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Cloud Bug Data Storage Security Hardware

Dropbox Password Goof Let Any Password Work For 4 Hours 185

tekgoblin writes "Dropbox confirmed today that for some time yesterday, any user's account was accessible without a password. The glitch was a programming error related to a code update and accounts were only vulnerable from around 1:54 pm PST to 5:46pm PST." "Only" is relative; as reader zonky puts it, "It took around 4 hours from deployment for Dropbox to notice they'd entirely broken their authentication scheme."
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Dropbox Password Goof Let Any Password Work For 4 Hours

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  • Regression testing (Score:5, Informative)

    by Bogtha ( 906264 ) on Tuesday June 21, 2011 @08:04AM (#36510846)
    This is why automated regression testing is a best practice. I guess Dropbox don't test their authentication.
  • by Richard_at_work ( 517087 ) <> on Tuesday June 21, 2011 @08:10AM (#36510902)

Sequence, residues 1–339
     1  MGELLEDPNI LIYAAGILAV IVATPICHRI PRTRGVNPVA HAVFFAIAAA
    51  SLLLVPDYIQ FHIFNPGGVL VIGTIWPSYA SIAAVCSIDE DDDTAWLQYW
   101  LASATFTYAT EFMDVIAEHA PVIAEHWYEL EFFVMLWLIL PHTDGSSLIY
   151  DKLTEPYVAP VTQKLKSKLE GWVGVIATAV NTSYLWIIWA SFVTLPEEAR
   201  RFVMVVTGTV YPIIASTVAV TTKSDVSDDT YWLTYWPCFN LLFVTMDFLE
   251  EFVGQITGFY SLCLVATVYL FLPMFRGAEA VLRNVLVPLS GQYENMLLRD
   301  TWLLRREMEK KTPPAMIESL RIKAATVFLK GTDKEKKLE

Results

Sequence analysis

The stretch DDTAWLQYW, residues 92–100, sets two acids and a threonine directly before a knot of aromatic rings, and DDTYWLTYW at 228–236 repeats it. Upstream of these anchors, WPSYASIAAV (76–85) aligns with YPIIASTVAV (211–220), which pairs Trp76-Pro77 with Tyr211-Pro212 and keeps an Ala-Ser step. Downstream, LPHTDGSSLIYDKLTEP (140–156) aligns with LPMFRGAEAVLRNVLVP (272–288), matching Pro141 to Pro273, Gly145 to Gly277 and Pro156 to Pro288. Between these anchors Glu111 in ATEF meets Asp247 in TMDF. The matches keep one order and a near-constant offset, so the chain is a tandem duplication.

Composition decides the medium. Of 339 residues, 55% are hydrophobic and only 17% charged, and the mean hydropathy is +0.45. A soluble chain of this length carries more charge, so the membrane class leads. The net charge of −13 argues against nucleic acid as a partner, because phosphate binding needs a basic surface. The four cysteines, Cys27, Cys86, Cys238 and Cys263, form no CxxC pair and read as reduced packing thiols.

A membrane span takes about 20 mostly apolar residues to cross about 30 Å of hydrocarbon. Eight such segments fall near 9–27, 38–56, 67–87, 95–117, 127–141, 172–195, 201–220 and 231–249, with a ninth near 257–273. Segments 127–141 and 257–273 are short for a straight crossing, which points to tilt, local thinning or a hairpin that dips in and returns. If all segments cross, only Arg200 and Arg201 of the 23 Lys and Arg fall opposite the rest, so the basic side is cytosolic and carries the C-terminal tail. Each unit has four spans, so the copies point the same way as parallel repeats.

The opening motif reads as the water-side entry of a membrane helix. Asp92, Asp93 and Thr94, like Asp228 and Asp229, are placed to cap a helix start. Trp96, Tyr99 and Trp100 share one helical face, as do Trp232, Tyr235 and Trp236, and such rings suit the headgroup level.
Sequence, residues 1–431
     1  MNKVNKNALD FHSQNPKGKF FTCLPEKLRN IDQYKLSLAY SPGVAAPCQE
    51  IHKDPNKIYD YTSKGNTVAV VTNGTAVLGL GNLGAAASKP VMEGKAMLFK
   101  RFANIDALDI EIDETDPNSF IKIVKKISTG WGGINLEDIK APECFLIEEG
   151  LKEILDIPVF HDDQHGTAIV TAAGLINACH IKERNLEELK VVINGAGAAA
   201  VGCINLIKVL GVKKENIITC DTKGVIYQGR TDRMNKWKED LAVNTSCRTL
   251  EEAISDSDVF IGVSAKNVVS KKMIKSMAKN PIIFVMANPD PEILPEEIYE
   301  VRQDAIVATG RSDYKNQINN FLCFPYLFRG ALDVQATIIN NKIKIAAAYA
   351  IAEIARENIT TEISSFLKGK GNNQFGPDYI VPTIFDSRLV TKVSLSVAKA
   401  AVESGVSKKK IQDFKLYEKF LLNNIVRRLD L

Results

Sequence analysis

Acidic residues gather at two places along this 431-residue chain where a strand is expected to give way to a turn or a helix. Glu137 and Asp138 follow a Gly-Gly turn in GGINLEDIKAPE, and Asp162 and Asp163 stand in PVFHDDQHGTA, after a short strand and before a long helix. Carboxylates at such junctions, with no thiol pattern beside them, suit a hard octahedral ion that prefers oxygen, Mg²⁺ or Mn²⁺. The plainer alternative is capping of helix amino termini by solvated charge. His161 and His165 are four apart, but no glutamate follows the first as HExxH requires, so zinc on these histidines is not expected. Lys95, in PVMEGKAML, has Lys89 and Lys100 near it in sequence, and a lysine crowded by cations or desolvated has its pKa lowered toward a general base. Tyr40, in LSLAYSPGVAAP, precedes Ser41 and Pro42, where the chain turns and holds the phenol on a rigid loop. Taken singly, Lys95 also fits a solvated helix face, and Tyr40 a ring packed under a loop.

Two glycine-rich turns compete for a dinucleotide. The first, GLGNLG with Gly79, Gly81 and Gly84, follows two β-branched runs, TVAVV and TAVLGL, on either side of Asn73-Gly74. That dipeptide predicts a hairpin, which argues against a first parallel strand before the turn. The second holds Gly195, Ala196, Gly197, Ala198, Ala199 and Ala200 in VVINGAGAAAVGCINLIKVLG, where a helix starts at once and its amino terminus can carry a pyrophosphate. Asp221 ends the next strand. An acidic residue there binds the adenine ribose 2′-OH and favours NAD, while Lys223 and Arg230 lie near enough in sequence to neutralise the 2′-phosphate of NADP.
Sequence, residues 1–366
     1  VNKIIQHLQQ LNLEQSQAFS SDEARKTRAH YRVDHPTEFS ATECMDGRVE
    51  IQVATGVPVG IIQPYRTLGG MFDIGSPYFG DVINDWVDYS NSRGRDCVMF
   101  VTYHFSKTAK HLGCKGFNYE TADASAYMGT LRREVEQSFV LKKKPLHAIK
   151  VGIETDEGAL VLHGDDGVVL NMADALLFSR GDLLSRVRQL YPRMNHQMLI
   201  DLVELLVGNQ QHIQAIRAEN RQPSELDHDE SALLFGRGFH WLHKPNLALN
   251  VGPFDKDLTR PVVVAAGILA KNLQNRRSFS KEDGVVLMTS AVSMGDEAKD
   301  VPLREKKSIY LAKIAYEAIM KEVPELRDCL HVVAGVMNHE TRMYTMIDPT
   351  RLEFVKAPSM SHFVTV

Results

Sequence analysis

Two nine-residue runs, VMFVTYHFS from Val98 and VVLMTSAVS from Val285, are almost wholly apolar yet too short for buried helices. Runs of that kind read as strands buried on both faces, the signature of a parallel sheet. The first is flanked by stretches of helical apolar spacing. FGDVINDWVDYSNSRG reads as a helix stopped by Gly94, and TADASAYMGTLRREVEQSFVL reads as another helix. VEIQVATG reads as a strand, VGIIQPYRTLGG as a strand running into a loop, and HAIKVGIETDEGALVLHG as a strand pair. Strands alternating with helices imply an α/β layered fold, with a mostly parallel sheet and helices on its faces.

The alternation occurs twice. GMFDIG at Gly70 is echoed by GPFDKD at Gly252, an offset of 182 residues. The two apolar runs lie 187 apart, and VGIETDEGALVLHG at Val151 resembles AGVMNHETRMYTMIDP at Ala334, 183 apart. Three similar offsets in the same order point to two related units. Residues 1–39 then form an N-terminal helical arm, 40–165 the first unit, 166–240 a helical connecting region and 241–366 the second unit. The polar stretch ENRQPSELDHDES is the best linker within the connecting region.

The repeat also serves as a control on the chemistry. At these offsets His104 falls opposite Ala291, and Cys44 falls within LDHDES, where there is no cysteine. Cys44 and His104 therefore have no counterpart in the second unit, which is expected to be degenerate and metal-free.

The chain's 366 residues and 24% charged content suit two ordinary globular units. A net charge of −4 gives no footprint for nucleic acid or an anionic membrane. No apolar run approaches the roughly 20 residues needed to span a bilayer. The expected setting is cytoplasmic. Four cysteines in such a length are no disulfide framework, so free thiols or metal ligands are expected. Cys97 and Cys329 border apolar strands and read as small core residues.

No, they have never claimed that the password was involved in the encryption they use - they use one single encryption key for all data stored. Their terms of service did say that your data is inaccessible without your password, but this is nothing more than permissions rather than per-account encryption.

    There has been lots of valid shit thrown around about Dropbox over the recent weeks, but please do try and get stuff right before you complain.

  • by Richard_at_work ( 517087 ) <> on Tuesday June 21, 2011 @08:32AM (#36511086)

    Again, no - its been well documented that Dropbox does global deduplication and single instance storage, across all data in their database. That would not work anywhere near as well for them if each account used its own encryption key - until they turned it off recently due to abuse, you could shove an Ubuntu iso into your local Dropbox and have it "synced" 100% in seconds, as the Dropbox servers realise that they already have it in their global pool, and simply tell your client not to upload it.

    So yes, they use a single key.

Forty two.